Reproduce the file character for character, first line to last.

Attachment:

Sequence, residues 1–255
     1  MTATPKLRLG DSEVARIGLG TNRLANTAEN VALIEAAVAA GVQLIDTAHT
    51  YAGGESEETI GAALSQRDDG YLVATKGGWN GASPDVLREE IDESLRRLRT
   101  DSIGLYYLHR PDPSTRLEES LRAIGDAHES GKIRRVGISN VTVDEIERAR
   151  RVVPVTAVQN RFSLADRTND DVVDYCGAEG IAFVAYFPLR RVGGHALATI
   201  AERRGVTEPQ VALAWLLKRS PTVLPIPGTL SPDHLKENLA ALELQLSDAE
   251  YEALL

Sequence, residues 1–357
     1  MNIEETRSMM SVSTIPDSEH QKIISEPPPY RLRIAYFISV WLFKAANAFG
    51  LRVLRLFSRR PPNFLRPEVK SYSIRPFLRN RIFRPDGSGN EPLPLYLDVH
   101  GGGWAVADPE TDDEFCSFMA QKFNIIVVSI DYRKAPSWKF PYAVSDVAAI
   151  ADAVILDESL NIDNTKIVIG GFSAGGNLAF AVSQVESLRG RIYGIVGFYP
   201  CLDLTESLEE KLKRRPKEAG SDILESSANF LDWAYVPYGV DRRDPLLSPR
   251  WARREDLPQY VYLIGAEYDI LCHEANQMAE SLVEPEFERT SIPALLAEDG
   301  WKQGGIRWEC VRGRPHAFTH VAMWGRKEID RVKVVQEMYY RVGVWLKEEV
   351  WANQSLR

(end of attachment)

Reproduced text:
Sequence, residues 1–255
     1  MTATPKLRLG DSEVARIGLG TNRLANTAEN VALIEAAVAA GVQLIDTAHT
    51  YAGGESEETI GAALSQRDDG YLVATKGGWN GASPDVLREE IDESLRRLRT
   101  DSIGLYYLHR PDPSTRLEES LRAIGDAHES GKIRRVGISN VTVDEIERAR
   151  RVVPVTAVQN RFSLADRTND DVVDYCGAEG IAFVAYFPLR RVGGHALATI
   201  AERRGVTEPQ VALAWLLKRS PTVLPIPGTL SPDHLKENLA ALELQLSDAE
   251  YEALL

Sequence, residues 1–357
     1  MNIEETRSMM SVSTIPDSEH QKIISEPPPY RLRIAYFISV WLFKAANAFG
    51  LRVLRLFSRR PPNFLRPEVK SYSIRPFLRN RIFRPDGSGN EPLPLYLDVH
   101  GGGWAVADPE TDDEFCSFMA QKFNIIVVSI DYRKAPSWKF PYAVSDVAAI
   151  ADAVILDESL NIDNTKIVIG GFSAGGNLAF AVSQVESLRG RIYGIVGFYP
   201  CLDLTESLEE KLKRRPKEAG SDILESSANF LDWAYVPYGV DRRDPLLSPR
   251  WARREDLPQY VYLIGAEYDI LCHEANQMAE SLVEPEFERT SIPALLAEDG
   301  WKQGGIRWEC VRGRPHAFTH VAMWGRKEID RVKVVQEMYY RVGVWLKEEV
   351  WANQSLR